My wife and I have recently been given the exciting news that our first child will be arriving next spring. Among the various issues that have arisen is the need for a new car. Currently we are driving a 1998 Fors Escort we inherited. It is unreliable and while fine for me to drive the five miles to work and back I wouldn’t want to be driving my infant child around in it. We can probably afford up to about $8000 but given the circumatances would realize we need to save as much as we can. We live in a Northeastern city so we don’t want anything too large. Does anyone have any suggestions for a good used car?
My favorite inexpensive used car is the Toyota Corolla / Chevrolet Prizm, which are mechanically identical and equally reliable. If you want a wagon the Toyota Matrix / Pontiac Vibe is a good choice. These two are basically wagon versions of the Corolla, which might be more practical considering all the stuff you have to haul around with a baby these days.
Other good choices are the Honda Civic or Accord, the Toyota Camry, the Mazda Protege and Mazda3, the Scion xA and xB, and the list goes on.
I suggest you obtain a copy of Consumer Reports annual automobile issue. It contains a list of used car “Best Bets” in various price ranges. There is also a list of “Used Cars to Avoid,” and you definitely want to look at that one.
When you buy a used car, don’t spend your entire budget on the car. Save some money because whatever you buy may need some maintenance soon after purchase, and you’ll need money for that.
First of all, congratulations!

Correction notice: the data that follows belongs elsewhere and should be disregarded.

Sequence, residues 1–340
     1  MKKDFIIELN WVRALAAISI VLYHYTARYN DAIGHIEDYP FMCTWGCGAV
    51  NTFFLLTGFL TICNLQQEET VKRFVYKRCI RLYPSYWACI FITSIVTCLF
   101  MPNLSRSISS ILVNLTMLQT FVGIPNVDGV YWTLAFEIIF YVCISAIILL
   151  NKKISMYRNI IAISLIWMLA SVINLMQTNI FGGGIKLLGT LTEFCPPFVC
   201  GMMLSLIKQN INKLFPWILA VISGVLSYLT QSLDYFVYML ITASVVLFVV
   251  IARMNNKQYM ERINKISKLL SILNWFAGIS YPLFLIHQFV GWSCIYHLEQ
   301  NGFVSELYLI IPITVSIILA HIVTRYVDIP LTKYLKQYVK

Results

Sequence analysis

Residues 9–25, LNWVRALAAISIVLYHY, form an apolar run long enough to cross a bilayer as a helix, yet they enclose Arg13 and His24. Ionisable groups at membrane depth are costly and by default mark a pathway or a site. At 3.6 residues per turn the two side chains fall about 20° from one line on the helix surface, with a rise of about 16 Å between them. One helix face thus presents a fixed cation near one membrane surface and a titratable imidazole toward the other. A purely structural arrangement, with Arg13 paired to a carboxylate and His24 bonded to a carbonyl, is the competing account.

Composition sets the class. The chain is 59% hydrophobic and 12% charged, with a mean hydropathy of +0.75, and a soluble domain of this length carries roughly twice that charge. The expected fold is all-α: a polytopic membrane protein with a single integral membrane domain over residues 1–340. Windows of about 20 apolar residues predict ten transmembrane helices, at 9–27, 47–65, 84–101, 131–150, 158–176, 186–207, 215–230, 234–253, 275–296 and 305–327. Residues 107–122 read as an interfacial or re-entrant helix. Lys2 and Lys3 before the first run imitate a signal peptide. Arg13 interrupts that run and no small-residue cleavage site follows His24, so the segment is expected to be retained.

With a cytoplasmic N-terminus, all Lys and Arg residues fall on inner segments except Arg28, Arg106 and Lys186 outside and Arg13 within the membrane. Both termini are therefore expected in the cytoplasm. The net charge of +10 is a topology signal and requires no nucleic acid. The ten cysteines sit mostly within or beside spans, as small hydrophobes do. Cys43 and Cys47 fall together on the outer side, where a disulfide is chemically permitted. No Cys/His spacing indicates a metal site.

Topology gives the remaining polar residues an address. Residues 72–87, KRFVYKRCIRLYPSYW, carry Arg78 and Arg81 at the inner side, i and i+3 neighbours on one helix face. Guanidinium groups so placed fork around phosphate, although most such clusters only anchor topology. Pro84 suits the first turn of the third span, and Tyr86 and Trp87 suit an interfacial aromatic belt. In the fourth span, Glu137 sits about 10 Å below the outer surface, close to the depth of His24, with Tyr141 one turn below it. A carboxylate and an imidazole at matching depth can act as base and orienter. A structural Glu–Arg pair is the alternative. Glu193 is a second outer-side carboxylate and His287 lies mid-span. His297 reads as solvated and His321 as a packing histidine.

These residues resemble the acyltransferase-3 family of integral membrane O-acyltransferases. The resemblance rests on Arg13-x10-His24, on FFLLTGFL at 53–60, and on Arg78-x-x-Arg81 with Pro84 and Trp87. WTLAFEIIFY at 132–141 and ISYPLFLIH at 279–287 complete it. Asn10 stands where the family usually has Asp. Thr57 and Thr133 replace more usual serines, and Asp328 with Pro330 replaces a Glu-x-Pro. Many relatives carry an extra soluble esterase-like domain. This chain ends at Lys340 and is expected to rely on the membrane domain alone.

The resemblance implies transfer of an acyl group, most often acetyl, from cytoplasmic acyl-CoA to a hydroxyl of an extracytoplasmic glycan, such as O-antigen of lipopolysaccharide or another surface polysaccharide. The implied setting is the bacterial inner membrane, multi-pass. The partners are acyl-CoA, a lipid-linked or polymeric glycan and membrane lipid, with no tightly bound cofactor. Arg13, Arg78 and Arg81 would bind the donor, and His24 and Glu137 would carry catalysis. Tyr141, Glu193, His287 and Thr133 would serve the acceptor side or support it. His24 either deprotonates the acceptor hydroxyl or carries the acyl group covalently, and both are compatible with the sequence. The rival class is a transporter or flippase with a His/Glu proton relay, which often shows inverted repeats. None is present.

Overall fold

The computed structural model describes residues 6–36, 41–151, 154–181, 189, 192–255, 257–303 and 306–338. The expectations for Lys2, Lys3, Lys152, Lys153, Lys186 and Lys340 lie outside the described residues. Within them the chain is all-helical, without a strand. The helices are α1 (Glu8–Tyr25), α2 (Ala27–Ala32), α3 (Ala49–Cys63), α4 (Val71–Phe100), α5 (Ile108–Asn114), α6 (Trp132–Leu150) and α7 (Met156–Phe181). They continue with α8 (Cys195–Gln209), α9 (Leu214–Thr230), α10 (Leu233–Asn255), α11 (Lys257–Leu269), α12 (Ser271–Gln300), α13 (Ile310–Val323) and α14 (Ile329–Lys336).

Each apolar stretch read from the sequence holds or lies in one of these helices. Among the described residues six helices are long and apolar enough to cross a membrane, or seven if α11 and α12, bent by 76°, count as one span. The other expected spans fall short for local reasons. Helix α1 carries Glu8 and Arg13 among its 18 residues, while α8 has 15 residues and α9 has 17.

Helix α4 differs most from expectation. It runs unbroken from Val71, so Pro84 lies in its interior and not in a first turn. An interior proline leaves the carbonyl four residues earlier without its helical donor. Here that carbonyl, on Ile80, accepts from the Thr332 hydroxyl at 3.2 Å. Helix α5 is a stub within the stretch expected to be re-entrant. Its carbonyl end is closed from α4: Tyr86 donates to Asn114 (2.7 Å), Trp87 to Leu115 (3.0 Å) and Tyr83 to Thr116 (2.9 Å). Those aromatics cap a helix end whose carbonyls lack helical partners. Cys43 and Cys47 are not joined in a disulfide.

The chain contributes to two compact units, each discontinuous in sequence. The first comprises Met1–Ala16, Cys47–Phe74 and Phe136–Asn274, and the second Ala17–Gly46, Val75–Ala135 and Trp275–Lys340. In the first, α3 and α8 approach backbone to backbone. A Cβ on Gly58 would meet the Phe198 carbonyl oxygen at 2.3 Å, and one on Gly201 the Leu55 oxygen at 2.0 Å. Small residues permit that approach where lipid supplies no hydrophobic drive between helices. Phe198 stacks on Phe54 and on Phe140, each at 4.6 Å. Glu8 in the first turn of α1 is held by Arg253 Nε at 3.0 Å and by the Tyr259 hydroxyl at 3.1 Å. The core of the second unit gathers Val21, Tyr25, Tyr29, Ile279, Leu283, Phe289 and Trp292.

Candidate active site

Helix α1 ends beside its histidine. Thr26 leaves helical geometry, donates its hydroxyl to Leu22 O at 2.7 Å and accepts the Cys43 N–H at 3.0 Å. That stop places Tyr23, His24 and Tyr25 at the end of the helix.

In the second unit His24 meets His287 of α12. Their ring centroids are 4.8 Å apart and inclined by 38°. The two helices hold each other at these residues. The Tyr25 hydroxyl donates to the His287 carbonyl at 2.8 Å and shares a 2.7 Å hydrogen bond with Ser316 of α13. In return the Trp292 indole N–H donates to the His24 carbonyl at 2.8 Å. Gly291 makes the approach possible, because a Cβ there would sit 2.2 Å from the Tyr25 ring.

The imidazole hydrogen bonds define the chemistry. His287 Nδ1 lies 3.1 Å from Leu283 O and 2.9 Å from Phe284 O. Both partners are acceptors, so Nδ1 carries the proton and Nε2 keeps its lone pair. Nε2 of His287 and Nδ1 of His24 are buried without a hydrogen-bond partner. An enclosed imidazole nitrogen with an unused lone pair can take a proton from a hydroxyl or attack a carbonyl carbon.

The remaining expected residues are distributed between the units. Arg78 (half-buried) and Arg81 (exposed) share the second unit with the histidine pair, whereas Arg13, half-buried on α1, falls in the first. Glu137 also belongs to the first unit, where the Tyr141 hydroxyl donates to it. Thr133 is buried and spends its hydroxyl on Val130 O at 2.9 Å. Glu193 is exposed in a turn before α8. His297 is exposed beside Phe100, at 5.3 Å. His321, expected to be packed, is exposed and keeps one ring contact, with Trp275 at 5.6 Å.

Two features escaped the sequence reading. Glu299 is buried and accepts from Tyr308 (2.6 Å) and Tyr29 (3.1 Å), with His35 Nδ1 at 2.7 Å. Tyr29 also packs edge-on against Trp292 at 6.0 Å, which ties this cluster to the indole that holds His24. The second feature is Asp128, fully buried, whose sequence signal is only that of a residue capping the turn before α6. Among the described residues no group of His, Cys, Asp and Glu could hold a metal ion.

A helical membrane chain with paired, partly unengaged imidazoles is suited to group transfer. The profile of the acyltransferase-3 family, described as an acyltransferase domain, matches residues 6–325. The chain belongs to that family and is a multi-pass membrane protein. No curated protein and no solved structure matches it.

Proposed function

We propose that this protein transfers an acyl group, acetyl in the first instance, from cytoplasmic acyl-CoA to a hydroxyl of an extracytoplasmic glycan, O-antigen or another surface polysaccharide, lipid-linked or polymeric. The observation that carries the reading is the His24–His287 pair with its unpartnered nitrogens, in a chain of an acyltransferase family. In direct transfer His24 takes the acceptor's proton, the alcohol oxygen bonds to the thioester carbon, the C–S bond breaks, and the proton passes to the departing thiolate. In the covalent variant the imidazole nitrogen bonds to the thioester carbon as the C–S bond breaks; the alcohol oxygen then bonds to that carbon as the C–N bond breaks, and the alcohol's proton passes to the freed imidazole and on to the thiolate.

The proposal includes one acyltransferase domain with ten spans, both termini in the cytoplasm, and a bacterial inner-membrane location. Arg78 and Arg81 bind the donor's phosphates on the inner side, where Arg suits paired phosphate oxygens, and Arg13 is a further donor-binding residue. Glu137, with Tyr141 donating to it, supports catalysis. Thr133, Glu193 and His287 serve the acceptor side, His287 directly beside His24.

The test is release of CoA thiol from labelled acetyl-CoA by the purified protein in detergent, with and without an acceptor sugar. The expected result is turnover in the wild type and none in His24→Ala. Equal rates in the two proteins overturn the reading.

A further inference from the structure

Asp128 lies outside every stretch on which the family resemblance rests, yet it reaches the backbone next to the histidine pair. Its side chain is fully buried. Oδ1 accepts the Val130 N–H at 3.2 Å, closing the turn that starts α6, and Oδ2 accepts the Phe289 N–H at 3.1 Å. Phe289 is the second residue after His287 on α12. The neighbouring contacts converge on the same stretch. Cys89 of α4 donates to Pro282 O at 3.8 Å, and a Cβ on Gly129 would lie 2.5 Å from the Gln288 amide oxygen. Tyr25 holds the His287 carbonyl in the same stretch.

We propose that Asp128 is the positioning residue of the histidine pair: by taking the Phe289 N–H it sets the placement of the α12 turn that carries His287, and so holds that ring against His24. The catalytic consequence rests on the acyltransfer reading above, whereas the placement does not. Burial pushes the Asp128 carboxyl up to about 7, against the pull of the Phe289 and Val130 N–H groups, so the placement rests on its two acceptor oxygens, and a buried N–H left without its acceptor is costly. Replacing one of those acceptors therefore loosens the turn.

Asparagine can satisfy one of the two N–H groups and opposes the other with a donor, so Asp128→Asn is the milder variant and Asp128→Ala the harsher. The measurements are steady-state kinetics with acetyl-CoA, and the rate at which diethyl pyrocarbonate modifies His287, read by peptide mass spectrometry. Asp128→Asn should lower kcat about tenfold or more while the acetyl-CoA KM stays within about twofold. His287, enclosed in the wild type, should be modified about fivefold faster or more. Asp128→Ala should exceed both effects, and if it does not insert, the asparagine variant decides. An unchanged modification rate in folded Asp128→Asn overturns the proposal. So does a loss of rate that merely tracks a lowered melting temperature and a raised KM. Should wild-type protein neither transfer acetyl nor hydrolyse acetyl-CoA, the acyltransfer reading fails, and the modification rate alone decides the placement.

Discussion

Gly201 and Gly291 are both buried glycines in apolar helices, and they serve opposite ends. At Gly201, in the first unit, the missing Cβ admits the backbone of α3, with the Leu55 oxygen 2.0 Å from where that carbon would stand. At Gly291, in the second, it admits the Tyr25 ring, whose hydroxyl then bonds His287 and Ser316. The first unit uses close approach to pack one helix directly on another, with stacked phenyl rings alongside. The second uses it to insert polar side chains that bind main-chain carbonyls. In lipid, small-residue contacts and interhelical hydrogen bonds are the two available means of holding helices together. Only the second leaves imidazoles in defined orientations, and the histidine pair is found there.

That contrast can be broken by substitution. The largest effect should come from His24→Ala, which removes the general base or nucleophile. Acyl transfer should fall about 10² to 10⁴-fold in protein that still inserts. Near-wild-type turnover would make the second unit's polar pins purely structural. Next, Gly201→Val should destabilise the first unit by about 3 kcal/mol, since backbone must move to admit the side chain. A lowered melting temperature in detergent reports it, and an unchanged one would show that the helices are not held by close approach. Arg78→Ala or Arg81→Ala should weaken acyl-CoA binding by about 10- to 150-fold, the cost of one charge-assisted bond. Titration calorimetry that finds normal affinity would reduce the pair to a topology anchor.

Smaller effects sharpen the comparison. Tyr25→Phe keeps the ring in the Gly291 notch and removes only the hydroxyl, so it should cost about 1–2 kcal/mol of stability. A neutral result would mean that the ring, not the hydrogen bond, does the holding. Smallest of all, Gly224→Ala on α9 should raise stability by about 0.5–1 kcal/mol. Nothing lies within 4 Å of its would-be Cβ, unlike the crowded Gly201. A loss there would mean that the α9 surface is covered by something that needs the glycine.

I would recommend at least a midsized car to begin with. Although you can get by in a small car, with a midsized one there is more room for the baby carseat and if you go on a trip there is room to bring a playpen, diapers, etc. along with your own luggage. If you have another child in a couple of years the extra room will be helpful again as you’ll have 2 seats to contend with. And, in my opinion, most midsized cars are safer than small cars.
In our case, after our son was a year old we bought a used minivan and are happy with it. We bought a Chrysler Town and Country (Chrysler/Dodge/Plymouth minivans depreciate much faster than Honda/Toyota but they’re still decent vans). If you travel with any relatives it’s a very comfortable way to do so. It’s also great to get into the van during a rainstorm to buckle up the kid(s) and then move to the front without exiting the van. If you still make occasional repairs I think you still come out money ahead with a domestic branded minivan.
I don’t know if a minivan is “too large” or not, but if not, the Chrysler minivans, Toyota Sienna, and second-generation Honda Odyssey would work. However, if only 3 of you are going to be in the car, a sedan such as the Toyota Camry would work.
Don’t overlook a Crown Vic or Grand Marq. You might scoff at the suggestion, but MILLIONS of police cars and taxis can not be wrong…Used ones are reasonably priced, they off boiler-plate reliability, comfort and safety. They get 25-28 mpg on the highway, 17-19 around town. Their A/C is unequaled. The “archaic” body and frame construction provides unequaled crash protection. The trunk will accommodate TWO strollers and a picnic basket with room for more. They are COMPLETELY uncool, and a little cumbersome driving around town, but that’s a small price to pay…